And in general, barring the whole discussion of whether a
floppy disk is actually a useful metaphor these days for
Save, there's two ways to basically leave this screen.
Actually, three ways if you count the back button as well.
And this is something that I recently posted about in a
post about the Done button.
We'll talk about that in a moment.
So, basically here, I can press Back, or Up, or Save to
basically get out of this screen.
And it doesn't seem to be a--
it doesn't seem kind of like a specific affordance for
discarding changes or reverting.
That's a whole issue in itself.
But that was the first thing that stuck out to me, that
there's a lot of ways to save and get out of this screen.
The other thing is that just purely from a visual
standpoint, the blue action bar and the blue screen
content didn't really mesh well for me.
Generally, in this kind of app, where you're entering
data, lots of data, you probably want to use a lighter
I think the darker backgrounds, like a black or
the Holo dark theme, those are best used for media apps like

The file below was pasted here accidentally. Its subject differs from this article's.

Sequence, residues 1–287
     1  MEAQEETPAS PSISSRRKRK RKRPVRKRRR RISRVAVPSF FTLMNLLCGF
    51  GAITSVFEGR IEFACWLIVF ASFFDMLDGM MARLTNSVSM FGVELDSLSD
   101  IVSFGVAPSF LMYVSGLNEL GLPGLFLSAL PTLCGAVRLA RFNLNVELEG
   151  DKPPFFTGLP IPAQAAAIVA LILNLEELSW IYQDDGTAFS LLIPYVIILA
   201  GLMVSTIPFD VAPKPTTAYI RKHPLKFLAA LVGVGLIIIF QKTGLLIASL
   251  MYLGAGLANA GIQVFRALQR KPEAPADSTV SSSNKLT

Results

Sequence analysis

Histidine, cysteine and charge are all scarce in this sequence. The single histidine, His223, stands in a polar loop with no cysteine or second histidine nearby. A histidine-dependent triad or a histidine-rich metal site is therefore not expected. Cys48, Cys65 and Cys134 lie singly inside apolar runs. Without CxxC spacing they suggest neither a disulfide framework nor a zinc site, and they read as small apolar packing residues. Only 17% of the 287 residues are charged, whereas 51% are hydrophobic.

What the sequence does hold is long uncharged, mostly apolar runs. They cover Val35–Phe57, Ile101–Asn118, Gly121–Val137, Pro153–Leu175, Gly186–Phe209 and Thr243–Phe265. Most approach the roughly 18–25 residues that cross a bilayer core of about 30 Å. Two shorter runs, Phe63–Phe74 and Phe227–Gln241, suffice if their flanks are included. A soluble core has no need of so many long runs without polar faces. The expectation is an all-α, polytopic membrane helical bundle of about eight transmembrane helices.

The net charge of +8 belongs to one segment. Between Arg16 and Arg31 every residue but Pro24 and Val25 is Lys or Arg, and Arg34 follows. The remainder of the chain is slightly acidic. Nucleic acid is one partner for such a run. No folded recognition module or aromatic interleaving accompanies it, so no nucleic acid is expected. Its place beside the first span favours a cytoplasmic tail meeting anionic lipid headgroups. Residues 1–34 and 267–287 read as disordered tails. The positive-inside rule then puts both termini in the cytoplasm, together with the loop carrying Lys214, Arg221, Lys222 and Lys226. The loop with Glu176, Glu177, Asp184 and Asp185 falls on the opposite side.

Gallery or playing video.
And so when I'm entering text or entering data, it seems
like it's a better fit for a lighter theme.
The darker color action bar, the blue action bar, is fine
for branding.
But that's just one of the first things that jumped out.
The second thing was around visuals.
So you have labels here, like name, SMS number, price,
things like that.
So the problem there is that they're not really aligned
with the content itself.
So you have, I'm going to butcher this, TariffBreak 1
and then the SMS number, and they're not visually aligned
with the rest of the text.
So that was another thing.
And, lastly, I just wanted to point out that this color
chooser seems a little simplistic.
You actually can't tell this from the screenshot, but the
background color is the currently selected color.
So if I touch yellow here, it would actually change the
background color of that to yellow.
So that's not a very common way of indicating selection.
So with that, Nick, any thoughts on this screen?
NICK BUTCHER: No, you've pretty much nailed it.
I think they've basically taken the color palette from
the iPhone and run a little bit too far with it in my
book, especially when they haven't customized the Holo
control fields, where I find that the blue underline in the